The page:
[Note that there seems to be bug in the underlying Java or DirectX software, whoever is responsible: It reports 62206 KB of free accelerated image memory but refuses to allocate another accelerated image buffer. Also the initial number of 69708 KB available accelerated memory size is false since the system where this was run has only 64 MB of video memory.]

The file VideoFrameDurationLimit02.pxd contains a slightliy modifies version of the previously described file. It creates a random intended duration for the SimpleBar object and then records the actual duration. The following image shows the result for 50 trials under two screen resolutions: 800x600 and 1600x1200 pixels.

It is clearly shown that at the resolution of 800x600 pixels the system is capable of following single frame durations exactly. All actual duration values are the nearest integer multiples of the 10 ms video frame duration. At a resolution of 1600x1200 pixels, however, the lowest valid duration is 54 ms as shown previously. Intended durations above 54 ms again are integer multiples of the video frame duration of 13.3 ms in this case. Thus intended durations larger than 54 ms are valid up to the nearest possible physical limit. Display objects with intended durations of less than 53 ms can not be shown exactly in this mode an this machine.

[Note: The PC used to run these tests has an Intel D875PBZ system board, an Intel Pentium 4 CPU running at 3 GHz, and 1 GB RAM. The graphics system is a Matrox Millenium P650 board with 64 MB RAM, running in a dual screen setting with 1600x1200 pixels per screen at a refresh rate of 75 Hz.]

For comparison the following timinig values have been collected on a different system. This is a PC with an Intel D865GBF system board with an Intel Pentium 4 CPU running at 3 GHz, and 1 GB RAM. The major difference is the graphics system. The D865GBF board has an on board Intel 82865G Graphics processor which shares its graphic memory with CPU RAM. The graphics system runs at 1280x1024 pixel resolution and a refresh rate of 60 Hz. The shared memory feature allows for extreme fast buffer transfers to video memory. Here is part of the debug protocol for an intended presentation duration of 6 ms:

...
--- Trial.SimpleBar[0] [M]
Prepare timing group:         431119
Preloaded image shown: -----> 431133
Intended duration:            6000000
Acc. image preloading time:   0.085347
Fixed duration:               952703
Timing group finished:        431135

--- Trial.ClearScreen:Post[0] [M]
Prepare timing group:         431135
Preloaded image shown: -----> 431150
Intended duration:            1000000
Fixed duration:               1000000
Timing group finished:        431157
...

It shows a display duration of 17 ms (= 431150 - 431133) and an image preload time of 0.085 ms. The corresponding data file is

6	428084.4138	428101.0693	16.6554	10.6554
6	428384.2323	428400.9175	16.6852	10.6852
...
6	431132.8224	431149.5122	16.6898	10.6898

We see an actual duration of 16.6 ms which is exactly a single video frame duration at a refresh rate of 60 Hz. This system is so fast that under any possible condition the display duration limit is less than a single video frame duration.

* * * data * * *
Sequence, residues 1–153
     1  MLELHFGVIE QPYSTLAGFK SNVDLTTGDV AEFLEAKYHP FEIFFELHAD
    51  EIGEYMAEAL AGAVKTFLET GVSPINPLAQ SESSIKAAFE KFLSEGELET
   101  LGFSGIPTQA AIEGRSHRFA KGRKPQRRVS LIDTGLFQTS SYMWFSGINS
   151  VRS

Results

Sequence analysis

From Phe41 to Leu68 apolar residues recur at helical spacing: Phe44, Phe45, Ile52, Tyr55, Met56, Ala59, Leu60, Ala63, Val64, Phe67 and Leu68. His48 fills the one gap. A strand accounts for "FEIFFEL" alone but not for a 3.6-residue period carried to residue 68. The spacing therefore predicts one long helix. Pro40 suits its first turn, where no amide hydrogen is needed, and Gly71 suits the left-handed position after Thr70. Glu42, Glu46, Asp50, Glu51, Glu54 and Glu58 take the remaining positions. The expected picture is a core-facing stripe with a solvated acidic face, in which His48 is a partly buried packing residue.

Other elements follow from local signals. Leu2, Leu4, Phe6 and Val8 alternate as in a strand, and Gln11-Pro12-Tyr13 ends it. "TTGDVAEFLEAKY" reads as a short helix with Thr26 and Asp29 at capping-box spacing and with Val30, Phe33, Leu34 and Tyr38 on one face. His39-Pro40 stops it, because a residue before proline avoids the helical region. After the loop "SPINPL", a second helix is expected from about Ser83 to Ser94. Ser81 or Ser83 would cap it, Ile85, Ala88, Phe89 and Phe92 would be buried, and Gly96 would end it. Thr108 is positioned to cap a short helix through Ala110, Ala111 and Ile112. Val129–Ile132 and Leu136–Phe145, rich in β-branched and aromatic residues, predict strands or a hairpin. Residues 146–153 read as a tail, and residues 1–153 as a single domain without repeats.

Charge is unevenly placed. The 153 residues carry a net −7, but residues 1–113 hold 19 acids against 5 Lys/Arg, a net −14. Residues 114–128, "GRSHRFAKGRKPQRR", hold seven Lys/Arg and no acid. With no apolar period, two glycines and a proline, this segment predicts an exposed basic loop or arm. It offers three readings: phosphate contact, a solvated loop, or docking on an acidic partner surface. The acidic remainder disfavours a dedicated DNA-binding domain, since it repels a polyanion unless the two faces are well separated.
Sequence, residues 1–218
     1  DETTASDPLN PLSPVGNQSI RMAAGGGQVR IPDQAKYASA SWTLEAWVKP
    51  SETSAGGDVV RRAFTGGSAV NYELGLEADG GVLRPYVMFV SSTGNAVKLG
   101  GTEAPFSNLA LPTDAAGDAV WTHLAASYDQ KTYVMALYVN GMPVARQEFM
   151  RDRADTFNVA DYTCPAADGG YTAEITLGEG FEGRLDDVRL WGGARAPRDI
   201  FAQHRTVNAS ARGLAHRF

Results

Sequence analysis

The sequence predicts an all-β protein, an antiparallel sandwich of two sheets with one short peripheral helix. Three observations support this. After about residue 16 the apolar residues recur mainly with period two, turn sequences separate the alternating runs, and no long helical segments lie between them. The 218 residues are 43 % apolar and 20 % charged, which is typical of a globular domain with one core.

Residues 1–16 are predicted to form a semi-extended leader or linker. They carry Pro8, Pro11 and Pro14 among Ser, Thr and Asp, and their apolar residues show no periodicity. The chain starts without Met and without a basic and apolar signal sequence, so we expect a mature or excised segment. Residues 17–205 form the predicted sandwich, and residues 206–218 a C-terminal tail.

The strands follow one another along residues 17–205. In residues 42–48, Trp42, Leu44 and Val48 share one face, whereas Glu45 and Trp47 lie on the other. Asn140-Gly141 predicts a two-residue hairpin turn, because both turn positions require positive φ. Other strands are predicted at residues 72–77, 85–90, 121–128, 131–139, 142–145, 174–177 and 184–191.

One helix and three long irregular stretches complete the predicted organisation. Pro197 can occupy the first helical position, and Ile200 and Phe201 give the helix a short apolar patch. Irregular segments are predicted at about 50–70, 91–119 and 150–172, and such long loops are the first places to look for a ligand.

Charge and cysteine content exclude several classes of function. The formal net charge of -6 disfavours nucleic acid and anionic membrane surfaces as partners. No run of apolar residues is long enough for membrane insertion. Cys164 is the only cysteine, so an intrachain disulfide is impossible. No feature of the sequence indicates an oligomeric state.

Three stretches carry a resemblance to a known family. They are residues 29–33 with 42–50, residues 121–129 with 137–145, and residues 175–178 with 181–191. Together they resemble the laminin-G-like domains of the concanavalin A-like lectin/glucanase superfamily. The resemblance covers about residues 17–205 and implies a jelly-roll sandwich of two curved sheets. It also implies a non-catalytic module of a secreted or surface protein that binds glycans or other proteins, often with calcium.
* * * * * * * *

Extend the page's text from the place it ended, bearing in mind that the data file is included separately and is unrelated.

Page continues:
How Page Flips are Handled

PXLab uses accelerated video memory and optimized page switching methods to achieve fast screen content changes. The actual methods used to switch screen pages, however, depend on several soft- and hardware components of the system we are running on. In general it seems that the underlying Java and operating system software does hardware page flipping only in full screen exclusive mode ('-S4') and uses a bit blitting technique in all other modes. And most graphics system drivers will synchronize page flipping always to the vertical retrace period. This means that in mode '-S4' page flipping will always be synchronized to the vertical retrace while in mode '-S2' it will not. PXLab Display object presentation will be synchronized to the vertical retrace independent of the video mode selected whenever the respective Timer requests that feature and the underlying operating system provides that functionality. Currently only Windows DirectX has an operating system implementation of vertical retrace synchronization. The test file UnsynchronizedVideoFrameDuration01.pxd can be used to check how a system handles video page flips. It creates a display sequence of a ClearScreen object, followed by a vertical bar which is followed by another ClearScreen object. The start of the vertical bar is synchronized to the vertical retrace. The end of the vertical bar is not synchronized. The duration of the vertical bar is set to 4 ms which is less than a video frame duration. Thus the intended optic display should show a vertical bar which starts at the top of the screen window but then is broken at some point such that no complete vertical bar is visible. The vertical bar is shown starting with the retrace and after 4 ms the bar is replaced by a ClearScreen and this should happen while the video beam runs down the screen. This is what actuall is observed when UnsynchronizedVideoFrameDuration01.pxd is run with the following command line, at least on my system: